If he is sitting for a Portrait in 1777 then he must have been wounded during the first year of the war. At least we now know what his last regiment was, the 63rd of foot. But that isn't his initial regiment. The 63rd was not at The Battle of Minden. It was in the Caribbean. Le Geyt was a well known participant at Minden. I think we may have dated the sword wrong. We assumed it couldn't be older than 1770. But we have no proof of that. The 1777 portrait looks to be a fellow in his mid 40s which LeGeyt would have been at that time. Our Fellow looks to be in his mid 30s and 40 lbs lighter. At the very least Our portrait was painted prior to 1770 and LeGeyt being shipped out to the Americas. Or Louis is correct and our portrait isn't LeGeyt.
This discussion, “Could this portrait be attributed to Henry Raeburn rather than ‘school of’ ”, concerns a portrait identified as Charles William Le Geyt, a prominent figure in Jersey. The discussion ranges across four Art Detective groups and has attracted 69 comments dating to 2014, 2015, 2019 and March-April 2020.
It is suggested that Art UK should remove the tags to the groups, “Portraits: British 19th C” (since the work is clearly 18th century and very likely 1760s) and “Scotland: Artists and Subjects” (since links with Scotland for this portrait of a man from Jersey have not been identified in the discussion and the portrait is certainly not by or close to Raeburn).
The question posed for this discussion, “Could this portrait be attributed to Henry Raeburn?” has been convincingly answered in the negative, not least because Raeburn was still a child when the portrait was painted. The discussion has gone on to try to identify the actual artist. It is not helped by the dark background in the portrait which may in the past have been treated differently to the figure itself which has definitely been cleaned.
Various posts point to the portrait having been painted in the 1760s, and possibly in 1763, the year of Le Geyt’s marriage in London, when he would have been 30 years old. This dating eliminates Hoppner, Fagan and Raeburn as candidates. The possibility of a French artist has been mentioned but the canvas size and style point to Britain and there is no evidence for a French connection despite Jersey’s location. Running through the other names in the order of mention in the discussion. Kettle (4 July 2014) is an interesting suggestion but the portrait seems to lack this artist’s rather long faces and even lighting. Hone (5 July 2014) is another good suggestion, perhaps the best, though the portrait lacks the glow and softness that Hone brings to his images at his best. Gainsborough (10 July 2014) is altogether lighter in touch as set out in another post (15 July 2014). Chamberlin (8 April 2020) is craggier and harder in style and rarely indulges in strong lighting effects.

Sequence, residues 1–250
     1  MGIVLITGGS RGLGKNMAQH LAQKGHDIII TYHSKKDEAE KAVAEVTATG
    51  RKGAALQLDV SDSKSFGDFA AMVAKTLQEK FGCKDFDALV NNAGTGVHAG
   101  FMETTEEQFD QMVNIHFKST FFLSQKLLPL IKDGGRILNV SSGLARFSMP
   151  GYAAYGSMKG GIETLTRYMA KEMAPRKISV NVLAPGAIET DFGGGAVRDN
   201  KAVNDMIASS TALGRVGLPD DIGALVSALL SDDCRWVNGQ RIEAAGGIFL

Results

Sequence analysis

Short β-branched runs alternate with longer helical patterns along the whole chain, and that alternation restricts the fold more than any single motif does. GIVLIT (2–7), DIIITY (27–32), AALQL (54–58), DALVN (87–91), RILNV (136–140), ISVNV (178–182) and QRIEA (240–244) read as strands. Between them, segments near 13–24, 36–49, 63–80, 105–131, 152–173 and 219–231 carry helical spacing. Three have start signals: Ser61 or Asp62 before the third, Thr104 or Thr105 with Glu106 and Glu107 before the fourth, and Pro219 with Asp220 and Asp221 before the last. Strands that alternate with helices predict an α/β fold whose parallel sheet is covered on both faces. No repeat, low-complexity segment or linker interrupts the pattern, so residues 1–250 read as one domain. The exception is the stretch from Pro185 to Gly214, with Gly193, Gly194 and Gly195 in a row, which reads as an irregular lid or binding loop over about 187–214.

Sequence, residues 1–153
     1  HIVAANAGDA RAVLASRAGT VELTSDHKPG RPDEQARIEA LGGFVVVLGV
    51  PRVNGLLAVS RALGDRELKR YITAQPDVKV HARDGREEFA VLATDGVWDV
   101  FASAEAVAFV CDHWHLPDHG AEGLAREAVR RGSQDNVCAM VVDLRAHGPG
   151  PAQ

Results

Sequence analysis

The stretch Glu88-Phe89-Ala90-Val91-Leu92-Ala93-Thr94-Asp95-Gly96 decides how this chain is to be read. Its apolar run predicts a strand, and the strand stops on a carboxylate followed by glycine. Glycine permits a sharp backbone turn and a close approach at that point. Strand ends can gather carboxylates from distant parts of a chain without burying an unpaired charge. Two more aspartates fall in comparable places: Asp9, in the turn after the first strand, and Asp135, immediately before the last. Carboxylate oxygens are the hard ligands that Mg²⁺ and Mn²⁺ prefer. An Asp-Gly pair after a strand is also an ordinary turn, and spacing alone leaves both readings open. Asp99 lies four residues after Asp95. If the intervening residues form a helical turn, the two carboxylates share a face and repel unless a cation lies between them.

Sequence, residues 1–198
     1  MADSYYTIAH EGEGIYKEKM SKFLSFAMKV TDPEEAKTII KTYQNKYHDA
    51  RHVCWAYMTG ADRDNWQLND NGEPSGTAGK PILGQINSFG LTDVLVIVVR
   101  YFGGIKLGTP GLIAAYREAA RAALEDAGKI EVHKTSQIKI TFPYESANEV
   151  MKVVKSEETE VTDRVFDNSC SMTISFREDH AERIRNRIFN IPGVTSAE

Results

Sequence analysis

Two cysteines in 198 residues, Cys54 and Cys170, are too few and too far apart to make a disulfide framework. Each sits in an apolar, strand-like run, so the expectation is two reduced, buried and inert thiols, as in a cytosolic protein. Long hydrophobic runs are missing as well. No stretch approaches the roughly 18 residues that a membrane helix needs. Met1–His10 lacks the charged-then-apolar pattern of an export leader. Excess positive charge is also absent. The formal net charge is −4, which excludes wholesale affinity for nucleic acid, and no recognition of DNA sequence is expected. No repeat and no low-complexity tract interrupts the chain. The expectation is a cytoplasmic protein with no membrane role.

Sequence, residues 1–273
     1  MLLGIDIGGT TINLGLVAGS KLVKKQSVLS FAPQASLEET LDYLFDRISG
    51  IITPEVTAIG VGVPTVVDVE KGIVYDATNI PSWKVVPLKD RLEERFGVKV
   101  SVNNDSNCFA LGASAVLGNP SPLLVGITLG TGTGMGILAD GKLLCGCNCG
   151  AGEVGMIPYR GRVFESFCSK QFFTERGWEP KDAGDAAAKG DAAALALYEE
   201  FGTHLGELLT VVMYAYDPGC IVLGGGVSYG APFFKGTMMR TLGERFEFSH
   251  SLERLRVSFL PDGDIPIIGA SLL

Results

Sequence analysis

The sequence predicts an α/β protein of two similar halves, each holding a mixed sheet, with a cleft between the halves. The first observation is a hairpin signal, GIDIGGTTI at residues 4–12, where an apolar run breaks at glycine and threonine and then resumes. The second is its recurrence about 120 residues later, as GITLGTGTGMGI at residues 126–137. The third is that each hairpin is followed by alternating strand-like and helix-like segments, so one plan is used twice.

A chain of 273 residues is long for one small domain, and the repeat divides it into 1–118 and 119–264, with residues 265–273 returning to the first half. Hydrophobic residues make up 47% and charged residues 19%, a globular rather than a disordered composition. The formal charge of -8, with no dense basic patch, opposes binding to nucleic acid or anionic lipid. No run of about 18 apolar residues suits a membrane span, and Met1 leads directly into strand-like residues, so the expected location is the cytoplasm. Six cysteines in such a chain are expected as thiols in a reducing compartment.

Subject to the input of other Group Leaders and of course of the collection, I would suggest that “School of Henry Raeburn” be taken down. In its place, unless further evidence is forthcoming, one could use “Unknown artist”. Or provide some sort of hook if that is what the collection would like, perhaps “Circle of Nathaniel Hone”.
Jacob, thank you for your comments on the attribution. The collection has been contacted.
Below: one Hone and one a possible: the only two on Art UK. Treatment of the epaulette in the first is similar.
Hone-ish enough to suggest 'circle of'
Thank you every one for your fascinating comments, I think in this case we will go with Unknown Artist.
Thank you to Jacob for summarising the discussion and to Jersey Heritage for a swift reply. The discussion will be drawn to a conclusion by Jenny Spencer-Smith, group leader for Military Subjects.
After a long debate over this intriguing portrait and following Jacob Simon's succinct summary of the issues concerning its attribution, Jersey Heritage have accepted the suggestion to record it as by an unknown artist. Thanks to Neil Jeffares, we have the evidence of the uniform to point to a specific period of time. Charles William Le Geyt served with the 94th Regiment of Foot, or Royal Welsh Volunteers, as a Captain from 28 February 1760 until some time in 1763 (in the National Archives' online printed Army List of that year his name has been excised in pen), when in any case the regiment was disbanded. With thanks to all those who have contributed, I recommend that the discussion is now concluded.
My grandmother was an avid collector of British Portrats and I clearly remeber her comments on how Tilly Kettle treated the eye in her portraits, she sometimes refered to her as the "crosseyed painter" although that is a vast exageration there is a bit of truth I beleive to the characteristics of the eyes in her work.
On another topic can anybody share some thoughts on this portrait that I was lucky to acquire from grandma Ramsey.
Thank you for your comments, but we have debated the possibility of Tilly Kettle amongst other artists, and concluded that there is not sufficient stylistic reasons to make an attribution to him (please see Jacob Simon's summary above).
Please also note that this forum is for the discussion of works of art held in public collections, listed on the Art UK website, not in private ownership.